Anne Carson's Antigonick
At Chicago's Sideshow Theatre
By: Nancy S. Bishop - Apr 02, 2015
Time and measurement are of the essence in Sideshow Theatre's new production of Anne Carson's Antigonick, described as freely translated from Sophocles' original Antigone. Throughout the 75-minute production, a mute character named Nick (David Lawrence Hamilton) is on stage, by turns taking measurements with a tape, keeping time with a metronome and taping up information sheets that enumerate the dead. Nick is constantly busy.
Carson's translation, or reimagining, is witty and colloquial with clever wordplay and literary allusions. (Kreon announces his nouns and verbs for the day. We're asked, What is a nick of time?) Antigonick moves along briskly, allowing us little time to ponder the questions of morality vs. patriotism that it presents. But those are the ideas that the play will leave you with, ideas that resonate and trouble today as much as they did millennia ago.
The play follows the plot and theme of the classic version. Antigone, daughter of Oedipus and Jocasta (his mother and wife, you will remember), learns that her brothers Eteokles and Polyneikes killed each other in battle. But Eteokles died a hero fighting for his own country and thus will be buried with honors, while Polyneikes fought with the Argives and his body will be allowed to "lie unwept and unburied," according to the edict of Kreon, king of Thebes. Antigone refuses to abide by this edict, and tries to enlist the help of her sister Ismene.
Ismene reminds her of the tragic history of their family. "Wherever we are, think, Sister -- father's daughter. Daughter's brother. Sister's mother. Mother's son. His mother and his wife were one. Our family is double, triple degraded and dirty in every direction. Moreover, we two are alone and we are girls. Girls cannot force their way against men." And Antigone responds, "Yet I will."
You'll notice that the actors performing the roles above are not credited in the above plot description. That's because each role is double-cast, and in fact, the entire play is performed twice, by two different casts, with plenty of gender-bending casting choices. Only the first cast is credited in the playbill, and so the audience is surprised when, after what seems like a last word from Choragos (the Chorus), we realize we're hearing the entire dialogue from the beginning, but spoken by different actors. The first words of the play are our clue, 40 minutes in:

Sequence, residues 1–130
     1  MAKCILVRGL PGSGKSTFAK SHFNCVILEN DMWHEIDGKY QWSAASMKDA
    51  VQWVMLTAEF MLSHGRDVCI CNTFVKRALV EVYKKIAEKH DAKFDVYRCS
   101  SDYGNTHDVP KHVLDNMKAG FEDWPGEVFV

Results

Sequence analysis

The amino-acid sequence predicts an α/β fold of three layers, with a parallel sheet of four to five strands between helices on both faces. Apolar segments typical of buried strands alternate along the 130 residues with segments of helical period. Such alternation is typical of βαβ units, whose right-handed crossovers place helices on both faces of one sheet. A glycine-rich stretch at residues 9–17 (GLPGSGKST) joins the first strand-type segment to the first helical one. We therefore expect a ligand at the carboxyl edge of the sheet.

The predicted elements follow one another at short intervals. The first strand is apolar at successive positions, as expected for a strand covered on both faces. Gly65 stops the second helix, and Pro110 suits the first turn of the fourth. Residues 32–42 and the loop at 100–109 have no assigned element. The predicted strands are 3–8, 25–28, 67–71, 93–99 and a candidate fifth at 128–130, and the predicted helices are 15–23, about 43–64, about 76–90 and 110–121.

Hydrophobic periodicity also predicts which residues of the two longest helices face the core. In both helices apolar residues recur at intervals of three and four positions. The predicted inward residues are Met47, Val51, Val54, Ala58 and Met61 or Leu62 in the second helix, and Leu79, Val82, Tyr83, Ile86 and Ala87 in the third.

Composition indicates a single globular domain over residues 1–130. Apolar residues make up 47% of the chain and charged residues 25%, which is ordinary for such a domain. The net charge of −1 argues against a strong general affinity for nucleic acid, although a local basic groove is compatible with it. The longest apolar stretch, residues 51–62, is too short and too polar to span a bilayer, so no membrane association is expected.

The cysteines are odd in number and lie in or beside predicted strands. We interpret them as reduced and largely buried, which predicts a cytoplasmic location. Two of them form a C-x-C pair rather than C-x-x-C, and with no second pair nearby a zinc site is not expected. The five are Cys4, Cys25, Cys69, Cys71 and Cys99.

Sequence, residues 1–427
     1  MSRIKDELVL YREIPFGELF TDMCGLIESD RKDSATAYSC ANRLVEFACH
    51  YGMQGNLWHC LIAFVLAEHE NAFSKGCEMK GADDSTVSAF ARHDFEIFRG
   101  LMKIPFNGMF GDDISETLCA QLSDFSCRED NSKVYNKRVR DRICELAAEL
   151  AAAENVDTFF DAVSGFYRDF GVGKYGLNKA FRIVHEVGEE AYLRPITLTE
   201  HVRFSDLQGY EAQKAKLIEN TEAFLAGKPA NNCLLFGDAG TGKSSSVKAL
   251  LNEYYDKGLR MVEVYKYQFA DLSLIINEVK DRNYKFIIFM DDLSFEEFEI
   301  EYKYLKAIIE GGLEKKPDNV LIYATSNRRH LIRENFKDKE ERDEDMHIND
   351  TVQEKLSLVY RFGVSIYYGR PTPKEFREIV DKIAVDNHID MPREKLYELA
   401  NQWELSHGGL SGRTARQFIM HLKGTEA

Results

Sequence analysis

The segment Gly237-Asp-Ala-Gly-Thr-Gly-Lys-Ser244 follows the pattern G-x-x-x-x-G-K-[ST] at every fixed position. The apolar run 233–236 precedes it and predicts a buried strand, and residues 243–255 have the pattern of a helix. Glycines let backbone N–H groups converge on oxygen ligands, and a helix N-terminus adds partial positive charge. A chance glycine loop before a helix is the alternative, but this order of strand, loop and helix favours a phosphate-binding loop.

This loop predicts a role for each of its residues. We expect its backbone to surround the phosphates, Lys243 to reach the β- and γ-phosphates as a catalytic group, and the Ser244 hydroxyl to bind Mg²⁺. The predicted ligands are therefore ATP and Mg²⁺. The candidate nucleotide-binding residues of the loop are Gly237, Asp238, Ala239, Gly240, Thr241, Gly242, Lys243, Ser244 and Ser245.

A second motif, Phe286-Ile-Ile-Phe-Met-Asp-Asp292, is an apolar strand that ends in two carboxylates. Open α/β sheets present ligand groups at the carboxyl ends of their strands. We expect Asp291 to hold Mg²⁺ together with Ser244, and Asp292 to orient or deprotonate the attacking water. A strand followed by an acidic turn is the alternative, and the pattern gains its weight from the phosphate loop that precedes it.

Antigone: We begin in the dark and birth is the death of us.
Ismene: Who said that?
Ismene: Sounds more like Beckett.â€¨
Antigone: He was paraphrasing Hegel.
Virginia Woolf and Bertolt Brecht are name-checked too.
Jonathan L. Green's direction maintains the beat of the metronome and measures out the tragedies that befall the family in both versions. Yu Shibagaki's minimalist stage design is practical for the small space, with sidewalls suggesting a skateboard park. A large portrait of Oedipus, in a uniform that would have suited a South American general, looms ominously over the stage. Noel Huntzinger's costume choices are contemporary but work timelessly.
The acting is very strong throughout the story. Ann James is a powerful Kreon and then a sad but determined Antigone. Anu Bhatt is a fine Antigone and later an eloquent Choragos. Lona Livingston is first Choragos and later Teiresias, the blind prophet. Eleni Pappageorge plays both Ismene and a guard. Kreon's wife, Eurydike, has one important speech, which is performed well by both David Prete and Maritza Cervantes.
Playwright Carson is a Canadian poet and classics professor. She was awarded the MacArthur Fellowship or "genius" grant in 2000. The script itself is a minor work of art in graphic novel form. The entire text is handlettered and full-page line drawings are colorized in watercolor or pastel tones.
Sideshow Theatre will present Antigonick at Victory Gardens' Richard Christiansen Theater, 2433 N. Lincoln Ave., through April 5. Performances are Thursday-Saturday at 7:30pm and Sunday at 3pm. Tickets for $20-30 can be bought online or by calling 773-871-3000.
Reposted with permission of Nancy S. Bishop and Gapers Block.